The two main operating system developers, Microsoft and Apple, have kept their source code under wraps, or close-sourced, hoping to keep competition at bay. However, there are a number of open source operating systems, namely Linux, that allow anyone to create programs and applications without attribution, opening the field to anyone who wishes to create apps and programs.
Although Windows and Macintosh OS X are widely used, Linux has a sizable amount of users, and even operates the majority of the world’s supercomputers. However, Apple has thrown the covers off the source code of its programming language, Swift, electing to go open source through the Apache License. This move puzzled many developers, namely because Apple has a reputation of protecting its source code. In addition, apps and programs designed specifically for Apple cannot be used on platforms that are not OS X or iOS (notable exceptions include iTunes and QuickTime).
Apple stated in a press release that Swift going open source will give Apple leverage on multiple platforms. “By making Swift open source the entire developer community can contribute to the programming language and help bring it to even more platforms,” said Craig Federighi, senior vice president of software engineering at Apple. “Swift’s power and ease of use will inspire a new generation to get into coding, and with today’s announcement they’ll be able to take their ideas anywhere, from mobile devices to the cloud.”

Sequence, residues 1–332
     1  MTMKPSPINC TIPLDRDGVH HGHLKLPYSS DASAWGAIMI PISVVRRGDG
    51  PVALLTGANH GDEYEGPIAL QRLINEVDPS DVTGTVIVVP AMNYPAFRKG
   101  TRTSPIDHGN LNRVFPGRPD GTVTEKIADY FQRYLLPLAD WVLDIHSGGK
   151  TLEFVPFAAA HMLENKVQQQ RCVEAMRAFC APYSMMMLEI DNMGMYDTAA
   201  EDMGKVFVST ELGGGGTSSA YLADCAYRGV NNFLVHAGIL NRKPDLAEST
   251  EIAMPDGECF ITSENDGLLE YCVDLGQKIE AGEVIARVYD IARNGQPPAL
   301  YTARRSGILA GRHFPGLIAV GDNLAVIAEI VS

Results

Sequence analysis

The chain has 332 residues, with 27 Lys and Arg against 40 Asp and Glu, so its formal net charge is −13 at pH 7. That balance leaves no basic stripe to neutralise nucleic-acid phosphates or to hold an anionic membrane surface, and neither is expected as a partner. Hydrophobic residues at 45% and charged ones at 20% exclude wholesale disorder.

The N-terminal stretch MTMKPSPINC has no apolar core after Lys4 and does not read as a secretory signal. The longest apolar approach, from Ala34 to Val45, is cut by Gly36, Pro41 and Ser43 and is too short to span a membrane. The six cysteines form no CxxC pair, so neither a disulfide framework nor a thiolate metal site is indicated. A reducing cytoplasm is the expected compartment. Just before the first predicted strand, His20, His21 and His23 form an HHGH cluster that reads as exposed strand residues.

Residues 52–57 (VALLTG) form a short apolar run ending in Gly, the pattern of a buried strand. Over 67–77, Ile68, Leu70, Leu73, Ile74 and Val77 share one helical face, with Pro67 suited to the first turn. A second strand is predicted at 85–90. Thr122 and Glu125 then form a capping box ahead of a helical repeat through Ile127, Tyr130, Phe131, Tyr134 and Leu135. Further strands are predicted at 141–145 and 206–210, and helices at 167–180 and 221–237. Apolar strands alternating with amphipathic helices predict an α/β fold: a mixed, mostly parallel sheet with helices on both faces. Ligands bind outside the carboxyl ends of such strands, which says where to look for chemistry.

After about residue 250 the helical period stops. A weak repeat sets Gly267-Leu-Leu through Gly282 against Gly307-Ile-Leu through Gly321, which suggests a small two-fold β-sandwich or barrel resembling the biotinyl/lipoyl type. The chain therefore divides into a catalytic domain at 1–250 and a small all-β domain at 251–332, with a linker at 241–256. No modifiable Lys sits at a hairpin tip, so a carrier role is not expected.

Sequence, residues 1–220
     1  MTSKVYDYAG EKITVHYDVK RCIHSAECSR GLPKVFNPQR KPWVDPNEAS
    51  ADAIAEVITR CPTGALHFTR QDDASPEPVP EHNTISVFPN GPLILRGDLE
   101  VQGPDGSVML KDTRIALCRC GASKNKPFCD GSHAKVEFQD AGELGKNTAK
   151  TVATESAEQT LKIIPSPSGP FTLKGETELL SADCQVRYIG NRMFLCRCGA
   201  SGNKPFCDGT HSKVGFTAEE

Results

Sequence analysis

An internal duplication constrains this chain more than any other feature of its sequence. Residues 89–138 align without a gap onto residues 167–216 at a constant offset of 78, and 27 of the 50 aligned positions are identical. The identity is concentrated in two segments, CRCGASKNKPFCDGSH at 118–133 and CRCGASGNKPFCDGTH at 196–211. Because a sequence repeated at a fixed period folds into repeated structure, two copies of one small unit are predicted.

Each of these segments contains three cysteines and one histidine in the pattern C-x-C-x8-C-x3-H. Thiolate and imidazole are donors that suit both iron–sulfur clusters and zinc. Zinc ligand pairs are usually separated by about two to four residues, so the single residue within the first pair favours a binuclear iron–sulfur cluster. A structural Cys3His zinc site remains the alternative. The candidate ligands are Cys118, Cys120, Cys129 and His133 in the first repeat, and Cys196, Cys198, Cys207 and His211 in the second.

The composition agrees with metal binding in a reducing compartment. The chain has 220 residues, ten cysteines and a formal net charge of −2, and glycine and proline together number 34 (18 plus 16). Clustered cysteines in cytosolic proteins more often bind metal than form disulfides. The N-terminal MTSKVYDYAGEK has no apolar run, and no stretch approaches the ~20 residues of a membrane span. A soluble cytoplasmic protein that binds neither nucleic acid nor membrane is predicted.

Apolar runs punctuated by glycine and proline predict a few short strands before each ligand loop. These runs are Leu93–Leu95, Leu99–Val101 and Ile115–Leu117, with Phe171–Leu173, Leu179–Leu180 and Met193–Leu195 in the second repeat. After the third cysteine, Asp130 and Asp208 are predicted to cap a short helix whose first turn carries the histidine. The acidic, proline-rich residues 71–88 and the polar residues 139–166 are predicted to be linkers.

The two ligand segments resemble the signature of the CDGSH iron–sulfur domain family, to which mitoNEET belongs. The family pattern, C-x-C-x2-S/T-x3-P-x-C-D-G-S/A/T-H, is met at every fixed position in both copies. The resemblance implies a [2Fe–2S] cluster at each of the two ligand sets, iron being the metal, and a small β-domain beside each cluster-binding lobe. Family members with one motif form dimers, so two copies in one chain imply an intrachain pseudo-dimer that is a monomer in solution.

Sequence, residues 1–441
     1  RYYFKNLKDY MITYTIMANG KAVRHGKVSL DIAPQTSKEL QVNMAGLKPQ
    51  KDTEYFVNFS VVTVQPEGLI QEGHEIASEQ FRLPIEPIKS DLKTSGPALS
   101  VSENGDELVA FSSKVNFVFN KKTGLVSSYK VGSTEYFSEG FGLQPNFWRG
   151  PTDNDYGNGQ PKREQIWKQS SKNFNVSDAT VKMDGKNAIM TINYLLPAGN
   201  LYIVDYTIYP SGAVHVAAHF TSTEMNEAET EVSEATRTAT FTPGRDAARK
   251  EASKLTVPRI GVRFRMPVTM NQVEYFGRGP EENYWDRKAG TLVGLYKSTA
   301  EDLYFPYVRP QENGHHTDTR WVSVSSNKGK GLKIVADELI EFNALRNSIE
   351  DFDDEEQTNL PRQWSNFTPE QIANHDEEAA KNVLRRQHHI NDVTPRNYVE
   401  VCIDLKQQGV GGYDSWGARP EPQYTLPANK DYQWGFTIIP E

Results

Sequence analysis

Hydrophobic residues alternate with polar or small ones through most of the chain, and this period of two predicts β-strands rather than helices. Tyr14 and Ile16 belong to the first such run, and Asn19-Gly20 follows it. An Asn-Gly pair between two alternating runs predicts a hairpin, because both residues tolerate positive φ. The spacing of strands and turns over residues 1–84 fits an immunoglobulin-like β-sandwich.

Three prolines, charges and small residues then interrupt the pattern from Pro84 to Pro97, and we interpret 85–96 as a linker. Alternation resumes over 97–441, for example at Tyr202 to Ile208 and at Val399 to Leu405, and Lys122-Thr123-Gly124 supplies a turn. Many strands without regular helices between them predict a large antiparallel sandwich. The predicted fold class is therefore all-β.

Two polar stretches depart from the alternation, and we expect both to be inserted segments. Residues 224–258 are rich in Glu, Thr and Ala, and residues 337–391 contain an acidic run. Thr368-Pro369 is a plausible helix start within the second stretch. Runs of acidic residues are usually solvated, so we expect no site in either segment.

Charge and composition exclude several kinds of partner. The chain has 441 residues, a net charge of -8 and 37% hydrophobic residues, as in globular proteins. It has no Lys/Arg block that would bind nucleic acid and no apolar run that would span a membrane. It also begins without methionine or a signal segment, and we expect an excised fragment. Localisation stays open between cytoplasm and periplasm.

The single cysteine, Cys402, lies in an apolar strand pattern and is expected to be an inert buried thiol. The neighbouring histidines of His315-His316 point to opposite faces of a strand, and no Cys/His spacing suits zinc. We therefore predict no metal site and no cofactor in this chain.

Chris Lattner, the creator of Swift, started working on the project in 2010. Apple then announced the availability of Swift in 2014 during a developer conference. “We are excited by this new chapter in the story of Swift. After Apple unveiled the Swift programming language, it quickly became one of the fastest growing languages in history. Swift makes it easy to write software that is incredibly fast and safe by design. Now that Swift is open source, you can help make the best general purpose programming language available everywhere,” the Swift team said.
The Swift team also mentioned that students can benefit from using Swift. “For students, learning Swift has been a great introduction to modern programming concepts and best practices. And because it is now open, their Swift skills will be able to be applied to an even broader range of platforms, from mobile devices to the desktop to the cloud.”
Swift, which draws inspiration from other programming languages such as Objective-C, Rust, Haskell, Ruby, Python, C# and CLU (among others) can be used to develop desktop and iOS apps. The open source version of Swift uses Linux binaries, and also includes a command line tool. The code can be compiled on any platform, allowing any programmer or software developer to use it for innovative new apps. “Everyone is welcome to contribute to Swift. Contributing doesn’t just mean submitting pull requests—there are many different ways for you to get involved, including answering questions on the mailing lists, reporting or triaging bugs and participating in the Swift evolution process.”